Civics Notes Throwback: Ballot Security
"Civic Notes Throwback" is a series where we highlight civic articles from past newsletters (published in Fall 2020). This article was originally published on October 27, 2020.
By Evan Varghese, Emily Doctor, and Inez Lopez
A modernizing world makes for a modernizing voting system. Since 2000, more and more Texas counties have worked to replace the old punch-card systems with a more modem system — electronic ballots. But with this comes the concern of security
In 2016, accusations of fraud upset voters' faith in the electoral system. A 2018 survey conducted by Pew reported 55% of American responders had little faith in the security of federal elections, and 33% had little faith in the security of state elections. While critical engagement in government is necessary for its proper functioning, it is equally important to understand what protections we do have.
To ensure security and safety, Texas electronic voting machines have to pass through rigorous testing processes outlined by the Texas Election Code; the relevant section of which can be found here. The code outlines the three different types of required testing a machine is expected to pass.
One section is “hardware,” which focuses on the physical soundness and construction of each machine. Another is “logic and accuracy,” which confirms that the machine processes information quickly and correctly. Both of these kinds of testing should be familiar to any STEM student that spends a lot of time debugging and prototyping. They concern the proper functioning of the system itself in the face of normal inputs and edge cases, which are user inputs that come very close to being invalid: e.g. a blank ballot or a ballot with all write-ins. These tests prevent malfunction relating to user input and information.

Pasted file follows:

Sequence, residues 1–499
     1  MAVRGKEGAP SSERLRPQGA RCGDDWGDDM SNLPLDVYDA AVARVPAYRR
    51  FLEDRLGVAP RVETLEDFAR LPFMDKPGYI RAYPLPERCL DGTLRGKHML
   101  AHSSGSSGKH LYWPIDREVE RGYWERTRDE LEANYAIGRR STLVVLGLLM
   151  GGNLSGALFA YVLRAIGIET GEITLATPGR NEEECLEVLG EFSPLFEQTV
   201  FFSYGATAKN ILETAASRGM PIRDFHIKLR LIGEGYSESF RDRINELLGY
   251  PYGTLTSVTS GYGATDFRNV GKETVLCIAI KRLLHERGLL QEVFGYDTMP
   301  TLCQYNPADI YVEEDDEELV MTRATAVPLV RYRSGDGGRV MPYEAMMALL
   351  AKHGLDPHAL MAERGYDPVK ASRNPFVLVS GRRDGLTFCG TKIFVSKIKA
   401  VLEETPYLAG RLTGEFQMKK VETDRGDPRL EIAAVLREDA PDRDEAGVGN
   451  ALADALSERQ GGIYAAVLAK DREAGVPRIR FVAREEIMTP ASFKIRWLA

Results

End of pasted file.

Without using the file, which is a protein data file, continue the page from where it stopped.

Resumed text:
For especially concerned voters who are apprehensive towards the vote counting process, there is another category of machine testing: the “Post-Election Audit,” a kind of testing less likely to be found in one of your classes. In this testing process, 1% of precinct elections are manually reviewed to ensure correctness. This consistent human involvement ensures that a broken system isn’t floated right under our noses.
Of course, this whole system is designed with voter privacy in mind first: the same controls and guards placed on physical voting are present in electronic voting. As technology and society progress, it only makes sense that new methods of voting will follow. With this information in mind, vote in federal and local elections without worry!
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